Houston as a green role model? City's urban farming receives international pressattention
It's not often that Houston receives international recognition as a role model for environment progress, but the city's downtown farming program has caught the attention of the Canadian Press: The news agency wrote an article detailing Houston's program, offering it as an example of the city serving as the leader in the phenomenon of urban farming.
The article praises the swift creation of a vegetable garden in the middle of the "concrete corridor and skyscraper canyon that is downtown Houston." After the suggestion by Keiji Asakura, it only took three weeks to form a collaboration with Urban Harvest, Laura Spanjian of the city's Sustainability Office and employees of the Department of Public Works and Engineering, and get seeds sprouting outside the 25-story Bob Lanier Public Works Building.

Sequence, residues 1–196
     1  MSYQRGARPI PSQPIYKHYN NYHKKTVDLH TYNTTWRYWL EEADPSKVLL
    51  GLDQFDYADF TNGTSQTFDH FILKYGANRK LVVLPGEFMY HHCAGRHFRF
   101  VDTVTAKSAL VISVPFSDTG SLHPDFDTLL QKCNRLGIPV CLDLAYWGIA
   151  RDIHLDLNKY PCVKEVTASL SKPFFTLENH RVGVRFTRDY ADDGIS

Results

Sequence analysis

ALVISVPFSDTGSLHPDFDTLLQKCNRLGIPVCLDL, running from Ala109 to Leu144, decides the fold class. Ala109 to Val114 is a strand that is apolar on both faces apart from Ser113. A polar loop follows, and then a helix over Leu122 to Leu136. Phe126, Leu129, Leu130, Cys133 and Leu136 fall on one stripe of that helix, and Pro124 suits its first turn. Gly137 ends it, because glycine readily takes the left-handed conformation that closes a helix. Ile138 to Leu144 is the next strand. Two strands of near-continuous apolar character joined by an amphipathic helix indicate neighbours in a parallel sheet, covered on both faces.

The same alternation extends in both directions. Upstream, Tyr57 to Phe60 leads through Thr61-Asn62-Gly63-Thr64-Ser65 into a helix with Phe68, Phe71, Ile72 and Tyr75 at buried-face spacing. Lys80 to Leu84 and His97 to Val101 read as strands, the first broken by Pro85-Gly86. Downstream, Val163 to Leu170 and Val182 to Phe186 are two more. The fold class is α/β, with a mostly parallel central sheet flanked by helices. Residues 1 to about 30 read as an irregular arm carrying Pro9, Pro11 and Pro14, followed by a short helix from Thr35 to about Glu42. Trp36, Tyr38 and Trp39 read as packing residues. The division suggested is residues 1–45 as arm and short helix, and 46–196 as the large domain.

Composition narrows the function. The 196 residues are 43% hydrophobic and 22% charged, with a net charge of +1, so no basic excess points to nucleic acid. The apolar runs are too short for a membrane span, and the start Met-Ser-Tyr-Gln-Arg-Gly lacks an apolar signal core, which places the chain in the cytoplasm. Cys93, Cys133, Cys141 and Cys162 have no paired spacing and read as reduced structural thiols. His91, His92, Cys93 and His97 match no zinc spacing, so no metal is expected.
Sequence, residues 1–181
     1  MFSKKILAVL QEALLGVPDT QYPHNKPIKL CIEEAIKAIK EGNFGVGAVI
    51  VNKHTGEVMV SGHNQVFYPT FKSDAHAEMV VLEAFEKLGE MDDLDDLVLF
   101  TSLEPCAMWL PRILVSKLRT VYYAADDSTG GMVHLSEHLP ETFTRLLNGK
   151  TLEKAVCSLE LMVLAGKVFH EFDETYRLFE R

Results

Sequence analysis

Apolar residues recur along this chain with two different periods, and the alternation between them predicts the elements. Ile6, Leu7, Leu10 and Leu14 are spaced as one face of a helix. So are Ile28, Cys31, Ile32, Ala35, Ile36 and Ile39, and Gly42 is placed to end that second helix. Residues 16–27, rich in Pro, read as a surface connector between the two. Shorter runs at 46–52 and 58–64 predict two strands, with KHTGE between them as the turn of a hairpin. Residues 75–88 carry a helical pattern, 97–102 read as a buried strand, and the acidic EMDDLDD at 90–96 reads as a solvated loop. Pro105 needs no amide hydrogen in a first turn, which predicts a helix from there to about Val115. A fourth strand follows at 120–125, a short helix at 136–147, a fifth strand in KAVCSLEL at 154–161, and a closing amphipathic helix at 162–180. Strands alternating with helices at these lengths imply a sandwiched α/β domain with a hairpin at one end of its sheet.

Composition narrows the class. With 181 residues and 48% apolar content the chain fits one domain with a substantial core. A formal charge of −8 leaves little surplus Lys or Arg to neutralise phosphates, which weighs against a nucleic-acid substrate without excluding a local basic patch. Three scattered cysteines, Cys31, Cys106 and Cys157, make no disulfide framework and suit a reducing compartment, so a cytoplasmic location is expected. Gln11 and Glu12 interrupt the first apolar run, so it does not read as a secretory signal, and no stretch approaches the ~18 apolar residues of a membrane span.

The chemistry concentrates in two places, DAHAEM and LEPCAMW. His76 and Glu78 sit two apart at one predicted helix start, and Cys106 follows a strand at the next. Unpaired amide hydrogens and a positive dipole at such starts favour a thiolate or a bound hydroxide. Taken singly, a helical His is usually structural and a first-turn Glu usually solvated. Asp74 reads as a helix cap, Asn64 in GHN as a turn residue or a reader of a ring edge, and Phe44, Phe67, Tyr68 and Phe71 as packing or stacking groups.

Writer Monica Rhor calls the Downtown Houston Container Vegetable Garden Project "living proof that urban gardens can take root in the unlikeliest of places."
Vicki Garrett, projects coordinator of the American Community Gardening Association is cited for describing Houston as "very proactive" for not becoming mired in a bog of government bureaucracy when developing such programs. Thanks to the efforts of San Francisco-transplant Spanjian, plans for a larger garden and farmers market near City Hall are on the drawing board.
"We haven't heard of any other city doing this the way we have," the green savant told the Canadian Press, adding, "The goal is to show people that they can grow vegetables anywhere. We want to be a model for other cities and other businesses."
Many locals may not believe it themselves, but with its expanding downtown cornucopia, Houston is raising the bar for the locavore movement and inner city sustainability.